Docker-Compose can be good in the early stages of the container world as it does not have a steep learning curve, however; it has its limitations as mentioned above. Once you become good at Docker-Compose and have reached a certain point, you need to move to one of the Container Orchestration tools such as ECS, EKS, AKS, Kubernetes, Docker-Swarm.

Container Orchestrations tools come with benefits that can help to overcome the limitations of Docker-Compose.

  1. Container Orchestrations tools help deploy containers on multiple machines, called worker nodes or nodes, that provide high availability to the applications.
  2. Container or application auto-scaling can be done based on resource consumption using Container Orchestrations tools.

There are other benefits of using Container Orchestration tools for Production Applications, let’s see a few of the Orchestration tools.

Amazon ECS

AWS Elastic Container Service(ECS) is a fully managed container orchestration service provided by AWS and made available in 2015 in the US East (N. Virginia), US West (Oregon), Asia Pacific (Tokyo), and Europe (Ireland) Regions. One does not need to learn Kubernetes to deploy containerized applications on ECS. It is easily integrated with other AWS services to provide a secure and easy-to-use solution for running containers. One has to pay only for the resources you configure. The smallest object that manages the lifecycle of the container in ECS is a task.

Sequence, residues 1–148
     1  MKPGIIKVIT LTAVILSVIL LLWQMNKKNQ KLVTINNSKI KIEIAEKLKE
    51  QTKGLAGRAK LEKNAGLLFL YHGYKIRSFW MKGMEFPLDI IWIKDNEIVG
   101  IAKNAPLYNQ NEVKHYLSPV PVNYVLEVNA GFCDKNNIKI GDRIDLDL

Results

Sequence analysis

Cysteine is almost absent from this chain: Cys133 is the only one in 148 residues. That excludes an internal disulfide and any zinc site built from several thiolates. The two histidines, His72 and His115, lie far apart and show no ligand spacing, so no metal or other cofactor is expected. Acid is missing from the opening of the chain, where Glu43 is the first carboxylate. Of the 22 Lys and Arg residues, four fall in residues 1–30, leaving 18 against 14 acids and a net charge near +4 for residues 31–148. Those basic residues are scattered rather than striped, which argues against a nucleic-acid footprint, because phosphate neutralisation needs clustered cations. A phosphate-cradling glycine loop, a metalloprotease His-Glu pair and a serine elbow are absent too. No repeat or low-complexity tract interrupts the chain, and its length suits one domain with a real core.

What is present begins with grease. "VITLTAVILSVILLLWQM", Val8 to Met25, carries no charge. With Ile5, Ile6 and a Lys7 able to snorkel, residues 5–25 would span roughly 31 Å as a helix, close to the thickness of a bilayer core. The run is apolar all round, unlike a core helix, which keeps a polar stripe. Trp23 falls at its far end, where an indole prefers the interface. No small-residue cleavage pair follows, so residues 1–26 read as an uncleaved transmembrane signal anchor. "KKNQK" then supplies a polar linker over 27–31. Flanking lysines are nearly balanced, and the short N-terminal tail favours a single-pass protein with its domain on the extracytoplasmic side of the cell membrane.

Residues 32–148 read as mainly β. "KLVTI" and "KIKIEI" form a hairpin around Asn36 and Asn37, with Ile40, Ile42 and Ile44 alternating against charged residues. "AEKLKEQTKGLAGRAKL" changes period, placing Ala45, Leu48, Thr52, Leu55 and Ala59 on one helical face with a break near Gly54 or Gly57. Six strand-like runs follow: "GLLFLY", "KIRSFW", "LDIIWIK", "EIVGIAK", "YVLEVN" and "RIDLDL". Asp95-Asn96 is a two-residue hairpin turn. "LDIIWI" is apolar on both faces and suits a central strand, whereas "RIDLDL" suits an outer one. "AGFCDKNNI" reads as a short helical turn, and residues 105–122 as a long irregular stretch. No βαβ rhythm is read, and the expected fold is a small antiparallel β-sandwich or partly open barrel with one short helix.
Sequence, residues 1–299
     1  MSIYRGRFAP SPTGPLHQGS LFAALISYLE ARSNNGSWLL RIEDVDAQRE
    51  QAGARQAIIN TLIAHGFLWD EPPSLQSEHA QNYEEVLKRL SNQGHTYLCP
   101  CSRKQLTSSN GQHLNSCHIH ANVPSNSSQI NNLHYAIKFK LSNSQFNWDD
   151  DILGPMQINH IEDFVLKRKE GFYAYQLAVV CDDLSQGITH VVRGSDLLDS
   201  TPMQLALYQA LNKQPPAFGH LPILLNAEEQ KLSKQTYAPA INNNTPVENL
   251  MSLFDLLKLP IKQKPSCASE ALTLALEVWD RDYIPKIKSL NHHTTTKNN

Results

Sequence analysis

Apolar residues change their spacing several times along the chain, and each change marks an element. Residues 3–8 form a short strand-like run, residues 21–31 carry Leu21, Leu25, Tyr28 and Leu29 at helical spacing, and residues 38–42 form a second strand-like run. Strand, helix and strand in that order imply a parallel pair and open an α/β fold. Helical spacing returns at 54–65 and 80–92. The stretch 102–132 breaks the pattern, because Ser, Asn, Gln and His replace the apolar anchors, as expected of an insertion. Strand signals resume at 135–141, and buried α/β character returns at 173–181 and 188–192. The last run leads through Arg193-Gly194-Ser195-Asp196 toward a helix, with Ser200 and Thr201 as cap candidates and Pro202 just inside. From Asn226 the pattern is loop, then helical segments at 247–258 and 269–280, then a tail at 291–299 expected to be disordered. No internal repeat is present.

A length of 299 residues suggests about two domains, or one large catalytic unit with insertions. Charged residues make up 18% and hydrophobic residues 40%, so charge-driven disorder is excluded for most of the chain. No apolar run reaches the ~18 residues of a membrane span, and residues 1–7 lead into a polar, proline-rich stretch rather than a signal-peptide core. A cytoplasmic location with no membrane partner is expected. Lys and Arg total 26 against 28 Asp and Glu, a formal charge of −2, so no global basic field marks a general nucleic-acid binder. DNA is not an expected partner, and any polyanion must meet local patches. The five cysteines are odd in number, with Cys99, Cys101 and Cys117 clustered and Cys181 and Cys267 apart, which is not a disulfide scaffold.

Amazon EKS

AWS Elastic Kubernetes Service(EKS) is a Kubernetes-as-a-Service platform provided by AWS and made available in 2018. You need to know about Kubernetes to deploy your containerized application on EKS. One can have a fully managed Kubernetes Cluster on AWS, however; one has to pay the additional cost for the Kubernetes control plane. The smallest object that manages the lifecycle of the container in EKS is a pod.

Microsoft AKS

Azure Kubernetes Service(AKS) is a fully managed Kubernetes service provided by Azure. It was released in 2018. While using AKS, one does not have to pay the additional cost of the Kubernetes control plane, but only for the virtual machines, associated storage, and networking resources consumed. You need to know about Kubernetes to deploy your containerized applications on AKS.  The smallest object that manages the lifecycle of the container in AKS is a pod.

Summary table for ECS, EKS, and AKS

dockerize flask python application: Summary table for ECS, EKS, and AKS


Containerization offers a solution based on containers for virtualization. It creates an image of the deployable application with all its dependencies and reduces the build and deployment time.